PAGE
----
"Right now, we’re planning our Drive & Learn events a minimum of six months out, if not more," says Phil Pasci, Bridgestone/Firestone executive director of consumer tire brand marketing. "You’re looking at acquiring tires and vehicles, and you need to make sure you have the logistics setup."
"We start anywhere from 90 to 120 days out," Newsome says. "First of all, you have to think through the process, think about the ‘how’ and the ‘why.’
"There’s invitations to be sent out. If you don’t have cars, you have to arrange early for them so there are no problems. There’s the insurance you need, the stuff you need to order, the wheels and tires. And, if you don’t have the ancillary stuff, you’ve got to start collecting it."
After hearing about what needs to be researched, collected and planned for, it’s quickly apparent why these events take so long to create. And it’s not just one plan that has to be created, it’s all the contingency plans and side issues that have to be considered.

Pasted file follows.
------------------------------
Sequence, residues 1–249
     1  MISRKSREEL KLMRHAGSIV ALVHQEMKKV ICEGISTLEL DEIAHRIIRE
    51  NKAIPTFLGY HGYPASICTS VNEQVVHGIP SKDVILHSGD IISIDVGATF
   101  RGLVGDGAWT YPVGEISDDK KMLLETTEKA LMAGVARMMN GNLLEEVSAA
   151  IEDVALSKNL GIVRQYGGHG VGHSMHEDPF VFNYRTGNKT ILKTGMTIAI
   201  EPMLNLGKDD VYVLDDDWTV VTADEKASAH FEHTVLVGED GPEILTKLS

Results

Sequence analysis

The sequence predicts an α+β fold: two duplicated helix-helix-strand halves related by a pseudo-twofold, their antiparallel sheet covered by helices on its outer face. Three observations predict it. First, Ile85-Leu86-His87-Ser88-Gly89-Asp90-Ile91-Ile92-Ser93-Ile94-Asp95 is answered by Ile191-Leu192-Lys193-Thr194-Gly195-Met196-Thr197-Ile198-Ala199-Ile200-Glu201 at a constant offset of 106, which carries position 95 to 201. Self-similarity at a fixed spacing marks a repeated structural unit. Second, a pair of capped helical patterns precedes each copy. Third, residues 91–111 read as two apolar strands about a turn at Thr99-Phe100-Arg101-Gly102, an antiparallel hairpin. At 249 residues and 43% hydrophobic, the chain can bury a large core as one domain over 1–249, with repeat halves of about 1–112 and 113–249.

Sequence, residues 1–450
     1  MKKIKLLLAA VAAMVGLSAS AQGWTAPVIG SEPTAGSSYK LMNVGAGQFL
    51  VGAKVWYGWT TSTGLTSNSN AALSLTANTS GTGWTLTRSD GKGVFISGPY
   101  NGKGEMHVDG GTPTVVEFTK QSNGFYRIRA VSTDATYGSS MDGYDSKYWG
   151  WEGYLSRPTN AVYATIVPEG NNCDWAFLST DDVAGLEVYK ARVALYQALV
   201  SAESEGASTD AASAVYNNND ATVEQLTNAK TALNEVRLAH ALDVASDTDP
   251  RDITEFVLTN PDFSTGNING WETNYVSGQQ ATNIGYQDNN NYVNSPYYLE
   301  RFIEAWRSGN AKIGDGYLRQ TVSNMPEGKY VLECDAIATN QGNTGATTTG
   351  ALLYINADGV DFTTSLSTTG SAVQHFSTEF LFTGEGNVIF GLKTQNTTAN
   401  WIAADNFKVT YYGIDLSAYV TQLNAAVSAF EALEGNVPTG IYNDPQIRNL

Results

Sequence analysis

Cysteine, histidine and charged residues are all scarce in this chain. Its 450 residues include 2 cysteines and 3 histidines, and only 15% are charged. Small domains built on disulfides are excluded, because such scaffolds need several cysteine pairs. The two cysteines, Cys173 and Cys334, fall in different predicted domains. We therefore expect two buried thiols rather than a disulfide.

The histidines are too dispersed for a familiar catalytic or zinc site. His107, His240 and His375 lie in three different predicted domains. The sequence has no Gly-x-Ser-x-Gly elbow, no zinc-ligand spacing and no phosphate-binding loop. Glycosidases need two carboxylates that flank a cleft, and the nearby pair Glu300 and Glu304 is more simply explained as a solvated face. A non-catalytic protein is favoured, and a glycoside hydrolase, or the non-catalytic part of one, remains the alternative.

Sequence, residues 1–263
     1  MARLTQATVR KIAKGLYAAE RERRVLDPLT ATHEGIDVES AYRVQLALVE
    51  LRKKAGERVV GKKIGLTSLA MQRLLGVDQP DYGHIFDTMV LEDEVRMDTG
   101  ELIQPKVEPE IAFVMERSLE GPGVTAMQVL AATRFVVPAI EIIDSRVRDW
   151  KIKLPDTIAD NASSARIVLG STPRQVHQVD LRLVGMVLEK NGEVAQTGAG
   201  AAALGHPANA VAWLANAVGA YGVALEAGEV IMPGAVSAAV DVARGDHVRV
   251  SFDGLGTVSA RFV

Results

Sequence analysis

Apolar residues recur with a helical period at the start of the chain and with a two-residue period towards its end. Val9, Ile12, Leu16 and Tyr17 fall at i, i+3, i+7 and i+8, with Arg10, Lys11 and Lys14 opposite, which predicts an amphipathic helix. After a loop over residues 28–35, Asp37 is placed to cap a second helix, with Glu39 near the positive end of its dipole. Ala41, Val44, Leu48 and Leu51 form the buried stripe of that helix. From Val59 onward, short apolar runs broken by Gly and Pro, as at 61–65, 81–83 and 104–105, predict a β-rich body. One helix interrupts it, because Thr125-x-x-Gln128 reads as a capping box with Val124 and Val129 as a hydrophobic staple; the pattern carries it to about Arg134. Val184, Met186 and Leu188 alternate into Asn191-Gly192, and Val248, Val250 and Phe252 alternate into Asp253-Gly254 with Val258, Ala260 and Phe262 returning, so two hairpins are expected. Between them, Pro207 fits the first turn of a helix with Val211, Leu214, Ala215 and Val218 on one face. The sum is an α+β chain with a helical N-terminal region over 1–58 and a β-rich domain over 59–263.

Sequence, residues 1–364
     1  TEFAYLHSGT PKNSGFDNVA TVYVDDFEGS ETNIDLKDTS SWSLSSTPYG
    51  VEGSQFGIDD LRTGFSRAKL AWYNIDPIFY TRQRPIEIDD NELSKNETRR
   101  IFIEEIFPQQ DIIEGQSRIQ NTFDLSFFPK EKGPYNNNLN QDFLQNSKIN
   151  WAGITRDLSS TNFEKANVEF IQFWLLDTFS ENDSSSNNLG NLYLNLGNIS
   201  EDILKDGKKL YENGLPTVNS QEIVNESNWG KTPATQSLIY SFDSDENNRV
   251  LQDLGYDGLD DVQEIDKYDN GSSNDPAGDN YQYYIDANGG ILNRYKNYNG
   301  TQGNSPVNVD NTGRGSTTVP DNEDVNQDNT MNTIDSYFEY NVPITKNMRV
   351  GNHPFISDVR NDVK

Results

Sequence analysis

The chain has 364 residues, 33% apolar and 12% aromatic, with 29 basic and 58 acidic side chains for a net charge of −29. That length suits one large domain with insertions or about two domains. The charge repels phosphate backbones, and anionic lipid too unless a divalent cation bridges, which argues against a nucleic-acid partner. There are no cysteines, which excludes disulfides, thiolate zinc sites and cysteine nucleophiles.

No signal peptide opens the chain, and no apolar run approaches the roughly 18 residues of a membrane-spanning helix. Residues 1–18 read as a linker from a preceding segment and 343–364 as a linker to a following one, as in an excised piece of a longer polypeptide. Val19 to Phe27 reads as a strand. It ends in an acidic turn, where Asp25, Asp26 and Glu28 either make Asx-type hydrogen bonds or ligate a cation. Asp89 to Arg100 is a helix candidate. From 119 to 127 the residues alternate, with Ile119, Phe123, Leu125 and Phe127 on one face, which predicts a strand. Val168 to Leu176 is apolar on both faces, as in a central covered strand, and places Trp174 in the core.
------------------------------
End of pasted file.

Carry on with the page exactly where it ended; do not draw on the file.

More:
And this is why many of the bigger tire companies have separate agencies and/or a dedicated staff whose sole job is to put on these events.
A large part of the planning is lodging and meals. Usually it’s necessary to book between 25 to 40 hotel rooms for days on end. Plus, one or two restaurants that can seat that many people.
"Normally, there’s a pre-event site inspection for hotels, parking lots, tracks, everything," Pasci says. "That takes place nine-to-12 months ahead of the event. Hotels require contracts, so you’ll book space three-to-six months out.
"You’ll go to an event site and star pre-testing, getting an idea of all the logistics that need to be dealt with, so everything runs just fine."